The One Data Science Project Idea That’ll Impress Interviewersby Rakib Rimon R. SEO
Let’s talk about the one and only project you need to build, that’ll help you gain full-stack data science experience, and impress interviewers on your interviews if your goal is to jumpstart your career in data science.
I’ll break down the components of what a good data science project includes and exactly what an interviewer is looking for in a project and why they’re looking for it.
If you’d like to watch the video version of this article, please watch below:
Stay Away From These Projects
One piece of advice before I start talking about the components of a good project. Let me, first, tell you about the 2 things to stay away from when you are trying to find or build a project.
1. Avoid any analysis with the Titanic or Iris dataset.
a. It’s been done to death.
b.I don’t care about your survival classifier.
a. I think it’s a great place to start when you’re just beginning. But it’s too commonplace and ordinary.
So unless you can get ranked in the top 10, just move on from Kaggle.
Components Of A Good Data Science Project
So with that out of the way, let’s talk about the one data science project that’ll impress anyone. Again, I’ll break down the components of exactly what an interviewer is looking for in a data science project and why they’re looking for it.
But as a summary, what an interviewer is looking for is a data scientist with real-world skills -- both in analytics/coding and in using modern technologies.
This helps you get closer to becoming a full-stack (or fully independent) data scientist.
So here’s a quick break down of the components of a good project:
1. Working with real data
2. Working with modern technologies
b. Databases in the cloud
3. Building models
4. Making an impact / validation
a. Application frameworks
So component #1 -- Working with real data -- specifically with data that gets updated in real-time. Working with real data that users produce and working with data that is produced in real-time helps prove to the interviewer that you know how to work with relevant and timely data. Not analyzing some data that was produced in 1912, like the titanic dataset.
So having said that, you’re probably asking, how do you get this data? This is a perfect segway into component #2.
Working with Modern Technologies
Use modern technologies used in the industry. So how are you going to get that real-life data that is updated in real-time? You can use APIs to collect that data.
Almost all apps and platforms these days rely on APIs to collect and pass information.
Learning how to use APIs to get the data that you need for your analysis shows the interviewer that you have relevant skills to do the job.
Some popular examples of APIs are Twitter, Netflix, and Amazon. A good API for data analysis will include:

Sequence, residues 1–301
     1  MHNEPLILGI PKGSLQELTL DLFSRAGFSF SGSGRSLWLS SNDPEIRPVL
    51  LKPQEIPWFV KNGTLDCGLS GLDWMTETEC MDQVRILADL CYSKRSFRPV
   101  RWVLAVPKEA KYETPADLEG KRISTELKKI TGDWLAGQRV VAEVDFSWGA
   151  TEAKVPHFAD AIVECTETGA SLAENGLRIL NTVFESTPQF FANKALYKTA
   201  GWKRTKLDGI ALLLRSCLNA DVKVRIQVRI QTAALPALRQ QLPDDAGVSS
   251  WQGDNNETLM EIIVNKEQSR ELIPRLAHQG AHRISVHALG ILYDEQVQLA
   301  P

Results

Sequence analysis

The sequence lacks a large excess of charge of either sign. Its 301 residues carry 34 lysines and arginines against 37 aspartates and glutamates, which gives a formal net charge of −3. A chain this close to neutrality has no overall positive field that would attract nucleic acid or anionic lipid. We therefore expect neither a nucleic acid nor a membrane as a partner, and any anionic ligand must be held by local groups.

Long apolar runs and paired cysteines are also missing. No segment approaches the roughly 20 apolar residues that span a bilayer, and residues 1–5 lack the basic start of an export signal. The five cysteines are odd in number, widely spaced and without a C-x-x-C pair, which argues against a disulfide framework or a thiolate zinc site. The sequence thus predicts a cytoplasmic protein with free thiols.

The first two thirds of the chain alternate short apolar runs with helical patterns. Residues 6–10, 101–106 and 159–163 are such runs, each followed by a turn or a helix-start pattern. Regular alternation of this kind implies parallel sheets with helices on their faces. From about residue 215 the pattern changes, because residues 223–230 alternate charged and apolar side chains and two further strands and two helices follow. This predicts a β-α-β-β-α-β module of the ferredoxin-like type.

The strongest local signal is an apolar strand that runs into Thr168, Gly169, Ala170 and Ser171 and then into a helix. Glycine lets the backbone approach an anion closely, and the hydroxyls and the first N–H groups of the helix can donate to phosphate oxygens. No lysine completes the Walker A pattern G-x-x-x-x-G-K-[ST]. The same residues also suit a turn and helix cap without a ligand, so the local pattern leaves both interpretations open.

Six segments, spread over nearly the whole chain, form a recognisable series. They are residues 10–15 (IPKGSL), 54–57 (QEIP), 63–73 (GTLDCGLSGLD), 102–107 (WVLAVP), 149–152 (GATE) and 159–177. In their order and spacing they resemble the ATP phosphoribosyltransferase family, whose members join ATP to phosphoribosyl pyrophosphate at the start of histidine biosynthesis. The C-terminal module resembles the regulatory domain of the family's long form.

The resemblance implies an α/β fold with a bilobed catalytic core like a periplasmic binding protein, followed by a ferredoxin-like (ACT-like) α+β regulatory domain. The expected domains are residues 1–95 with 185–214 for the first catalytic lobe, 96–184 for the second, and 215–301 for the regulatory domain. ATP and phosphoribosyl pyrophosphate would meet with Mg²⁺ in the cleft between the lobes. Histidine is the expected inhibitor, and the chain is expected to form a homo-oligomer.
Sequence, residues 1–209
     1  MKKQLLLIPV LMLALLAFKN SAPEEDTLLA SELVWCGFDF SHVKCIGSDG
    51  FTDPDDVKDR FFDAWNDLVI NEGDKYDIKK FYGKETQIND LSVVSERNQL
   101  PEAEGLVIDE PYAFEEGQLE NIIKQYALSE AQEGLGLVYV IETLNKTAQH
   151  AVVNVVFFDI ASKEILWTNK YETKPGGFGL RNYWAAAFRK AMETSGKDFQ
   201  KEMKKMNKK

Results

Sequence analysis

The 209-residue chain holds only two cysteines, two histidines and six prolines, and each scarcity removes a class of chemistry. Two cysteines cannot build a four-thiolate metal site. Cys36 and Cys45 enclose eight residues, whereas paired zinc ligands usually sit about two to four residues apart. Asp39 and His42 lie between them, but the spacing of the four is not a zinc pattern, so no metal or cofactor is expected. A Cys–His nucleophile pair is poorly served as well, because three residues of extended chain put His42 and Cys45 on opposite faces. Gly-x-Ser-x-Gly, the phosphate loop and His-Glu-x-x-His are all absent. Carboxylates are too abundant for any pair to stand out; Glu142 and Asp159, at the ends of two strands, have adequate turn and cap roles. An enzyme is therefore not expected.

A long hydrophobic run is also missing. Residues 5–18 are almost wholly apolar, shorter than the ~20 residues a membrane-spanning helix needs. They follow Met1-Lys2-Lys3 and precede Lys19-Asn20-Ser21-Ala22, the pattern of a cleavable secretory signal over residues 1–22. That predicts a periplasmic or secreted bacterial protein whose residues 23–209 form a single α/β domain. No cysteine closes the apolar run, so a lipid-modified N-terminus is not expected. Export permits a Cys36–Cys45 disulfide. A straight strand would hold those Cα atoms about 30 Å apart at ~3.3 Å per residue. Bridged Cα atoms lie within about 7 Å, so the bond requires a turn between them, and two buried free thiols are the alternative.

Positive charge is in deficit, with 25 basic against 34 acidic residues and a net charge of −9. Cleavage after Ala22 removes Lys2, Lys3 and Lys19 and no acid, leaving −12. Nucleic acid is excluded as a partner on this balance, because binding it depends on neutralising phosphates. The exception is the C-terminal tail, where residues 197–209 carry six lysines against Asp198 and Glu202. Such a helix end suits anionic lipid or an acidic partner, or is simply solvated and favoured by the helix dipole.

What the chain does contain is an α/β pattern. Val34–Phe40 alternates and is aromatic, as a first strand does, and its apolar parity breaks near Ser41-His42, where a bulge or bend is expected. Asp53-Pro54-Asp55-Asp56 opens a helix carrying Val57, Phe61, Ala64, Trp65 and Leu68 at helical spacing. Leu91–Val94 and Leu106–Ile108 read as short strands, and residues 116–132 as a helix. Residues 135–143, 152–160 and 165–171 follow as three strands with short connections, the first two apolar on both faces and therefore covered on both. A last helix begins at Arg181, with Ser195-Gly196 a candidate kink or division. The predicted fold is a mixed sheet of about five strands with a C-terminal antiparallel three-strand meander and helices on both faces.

- Real-time updates
- Date and timestamps for each record
- Geolocations are nice
- Obviously numbers or text
This is something you’d be using at the job often. So as an interviewer, I’d start to see you as an experienced data scientist, not one that’s an absolute beginner.
Databases on the cloud
Let’s talk about the 2nd modern technology to work with -- databases in the cloud. Once you collect the data from the API and maybe after you clean the data, you probably want to store it in a database. Why?
like I mentioned before, the data you pulled from the API is updated
continuously, so if you pull the data again, you’ll get new records. So
instead of pulling the entire dataset and cleaning all of it again, it’s
nice to just pull and clean only the new records and store the old ones
in a database when they’re safe.
- Every company uses databases and many use cloud services like AWS and Google Cloud. Having knowledge on how to build a data pipeline with a cloud provider is a real skillset to have and will definitely set you apart from others. Again, if I was interviewing you and you have this experience, I’d be very impressed because I know you can hit the ground running from day 1 on the job.
This gets us to the part of a data science project you probably thought was most important -- building models. It’s definitely really important to learn how to implement a model -- whether regression or some type of machine learning model.
And that’s kind of why I told you to start with Kaggle because they could give you experience on how to build ML models. So if you just don’t have a lot of experience building models in general, you can start with Kaggle.
But while getting experience in building models is important, there’s another aspect that’s even more important -- It’s the decisions you make and why you made them while building your model that are even more important.
Typical Data Scientist Interview Questions